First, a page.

Here's what you can do in Montreal on Monday as the city goes yellow

Quebec prepares to ease gathering restrictions as most of the province moves to the yellow zone.

Your top questions about the yellow zone rules answered

What you can finally do now that we're in the Yellow zone

2 years ago
Duration 3:01
Cases are dropping and vaccinations are increasing. We're officially now in the Yellow zone. While some public health restrictions must still be respected, life is about to feel a lot more normal in Quebec.

Quebec is pushing past its vaccination targets and now most regions of the province, including Montreal, are becoming yellow zones. 

That change, which starts Monday, makes way for more relaxed rules around social gatherings. 

But even as we move a step closer to normal life, Montreal Public Health Director Dr. Mylène Drouin, is warning Montrealers of the risks of slacking off when it comes to public health measures. 

 "We have to remember, last year during the summer with bars, we had a lot of outbreaks," she said in an interview with CBC's Debra Arbec. "When we're talking about indoor activities, we have to be more vigilant." 

Once the epicentre of COVID-19 in Canada, Montreal has reported fewer than 100 cases per day in the past week. 

"We did not expect the drop — that we're seeing right now — that would come so rapidly," Dr. Drouin said. 

Despite the encouraging numbers, Dr. Christopher Labos, a cardiologist at Notre-Dame hospital, is urging Quebecers to prioritize safety when meeting in person, given that most of the population still has received only one dose of vaccine. 

By Sunday, Quebec reported 77 per cent of people over the age of 12 had their first dose, leaving them potentially vulnerable to variants of the virus. 

"I think for a lot of people, the minute you tell them you can do something, they will," he told CBC's Daybreak. "The important part for people to remember is: just because you can do something, doesn't mean you have to." 

Here is a rundown of what to expect as Montreal reopens. 

Can I have friends over for dinner? 

Yes, but you can't forget about physical distancing. 

People from two different households can gather indoors at private residences. Stay at least two metres away from others and wear a mask. Oh, and don't share drinks or utensils. 

On outdoor private terrasses or balconies, a maximum of eight people from different households or all occupants from two households are permitted to gather. 

How many people can I eat with at a restaurant?

Two households can eat together at a table at a restaurant. All restaurants must keep a registry of guests. 

Can I go to a bar?

Yes, bars can open, but singing and dancing are prohibited. 

Customers from two households can sit together, but they have to stay seated at their designated table. 

Bars, breweries and casinos are allowed to operate at 50 per cent capacity. They must stop serving alcohol at 11 p.m. and close by midnight. 

Are the rules different if I've had one dose or two?

At the moment, no. 

The new zone-based rules on gatherings and activities apply whether or not a person is vaccinated.

The government is strongly urging everyone to get their first and second doses of vaccine as soon as they are eligible. The stages of reopening in the government's plan are tied to the overall rate of vaccination. New rules will be coming once more of the population is fully vaccinated.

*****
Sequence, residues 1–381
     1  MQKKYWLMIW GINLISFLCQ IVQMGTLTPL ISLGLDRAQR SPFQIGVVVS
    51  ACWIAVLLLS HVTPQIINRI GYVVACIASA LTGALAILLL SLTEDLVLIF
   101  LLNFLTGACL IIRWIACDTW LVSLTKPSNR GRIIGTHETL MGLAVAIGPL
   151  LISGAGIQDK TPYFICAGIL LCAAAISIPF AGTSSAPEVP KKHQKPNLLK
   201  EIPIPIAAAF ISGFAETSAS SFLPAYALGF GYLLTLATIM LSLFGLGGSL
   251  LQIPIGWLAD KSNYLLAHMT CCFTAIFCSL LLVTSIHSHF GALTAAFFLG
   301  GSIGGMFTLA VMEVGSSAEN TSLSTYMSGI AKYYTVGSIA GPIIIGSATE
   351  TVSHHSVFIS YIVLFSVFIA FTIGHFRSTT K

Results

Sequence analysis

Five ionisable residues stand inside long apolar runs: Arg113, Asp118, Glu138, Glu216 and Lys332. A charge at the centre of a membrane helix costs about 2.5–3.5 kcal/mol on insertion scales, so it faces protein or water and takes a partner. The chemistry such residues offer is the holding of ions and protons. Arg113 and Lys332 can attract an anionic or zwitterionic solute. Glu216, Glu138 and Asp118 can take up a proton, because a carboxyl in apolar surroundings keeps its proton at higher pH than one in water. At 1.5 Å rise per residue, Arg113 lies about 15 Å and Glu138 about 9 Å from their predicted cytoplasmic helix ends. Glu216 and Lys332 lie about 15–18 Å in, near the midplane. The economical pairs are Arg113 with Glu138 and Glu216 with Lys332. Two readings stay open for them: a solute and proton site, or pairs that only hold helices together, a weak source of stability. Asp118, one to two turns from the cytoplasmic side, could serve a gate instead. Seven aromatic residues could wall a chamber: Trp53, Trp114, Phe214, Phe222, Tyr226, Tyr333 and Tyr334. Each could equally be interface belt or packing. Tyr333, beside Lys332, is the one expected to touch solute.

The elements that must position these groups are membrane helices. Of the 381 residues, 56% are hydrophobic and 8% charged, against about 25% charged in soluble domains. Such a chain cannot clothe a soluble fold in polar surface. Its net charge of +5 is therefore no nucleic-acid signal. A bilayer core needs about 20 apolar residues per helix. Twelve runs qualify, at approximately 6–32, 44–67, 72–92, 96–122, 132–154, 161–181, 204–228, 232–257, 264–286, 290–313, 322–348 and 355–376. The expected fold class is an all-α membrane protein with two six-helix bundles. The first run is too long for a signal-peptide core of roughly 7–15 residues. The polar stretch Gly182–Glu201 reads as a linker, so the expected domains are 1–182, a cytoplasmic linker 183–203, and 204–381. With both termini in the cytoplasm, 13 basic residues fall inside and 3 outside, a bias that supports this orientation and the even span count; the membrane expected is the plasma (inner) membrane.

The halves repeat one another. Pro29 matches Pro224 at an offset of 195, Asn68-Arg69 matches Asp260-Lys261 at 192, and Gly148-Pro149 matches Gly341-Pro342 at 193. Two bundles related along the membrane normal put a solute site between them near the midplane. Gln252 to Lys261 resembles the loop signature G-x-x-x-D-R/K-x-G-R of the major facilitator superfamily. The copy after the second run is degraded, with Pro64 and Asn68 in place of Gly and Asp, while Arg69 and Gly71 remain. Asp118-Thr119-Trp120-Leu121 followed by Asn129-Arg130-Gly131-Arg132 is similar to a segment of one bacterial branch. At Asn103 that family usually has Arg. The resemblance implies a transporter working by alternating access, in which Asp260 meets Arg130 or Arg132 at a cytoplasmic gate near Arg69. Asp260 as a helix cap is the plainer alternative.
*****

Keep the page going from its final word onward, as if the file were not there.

Do I still have to wear a mask on the bus?

Passengers still must wear masks while on public transit, but Quebec's workplace safety board (CNESST) said drivers no longer have to since they are sufficiently protected by the plexiglass barrier.

Are organized sports back on? 

Up to 25 people can take part in a supervised sporting event outside. Officials, staff members and volunteers required to run the game are not included in that total. Spectators are not recommended and tournaments are still not permitted. Only brief contact is permitted. The rules around tournaments and spectators are expected to be relaxed June 25. 

Indoors, activities must be supervised and can only involve a single group of up to 12 people that does not change for the duration of the activity. A physical distance of two metres must be maintained at all times between individuals from different households.

What about weddings? 

Weddings and funerals in places of worship can involve a maximum of 50 people. As far as receptions go, private events or social activities in rented halls or indoor public settings are limited to two households. Outdoors, the limit at private events is 12 people. 

Once a region moves to green, 50 people can gather at a private event outdoors and 25 at an indoor rented venue. 

Are water parks open? 

Yes. Recreational sites, including youth hostels, arcades, amusement and water parks, will be allowed to reopen, but you will need a reservation and there will be a register kept of customers.

Masks must be worn at all times in indoor spaces, except at water parks.

Venues for bowling, billiards and darts are also permitted to open.

Who can visit CHSLDs?

At long-term care homes without an outbreak, visitors from the same household can visit more than once per day while respecting physical distancing rules.

WATCH | Montreal's Public Health Director looks ahead as the city enters a yellow zone:

Montreal should have a good summer: Public Health Director Dr. Mylène Drouin

2 years ago
Duration 4:27
Montreal's Public Health Director Dr. Mylène Drouin looks ahead as the city prepares to move into the yellow zone.

with files from Debra Arbec and CBC's Daybreak


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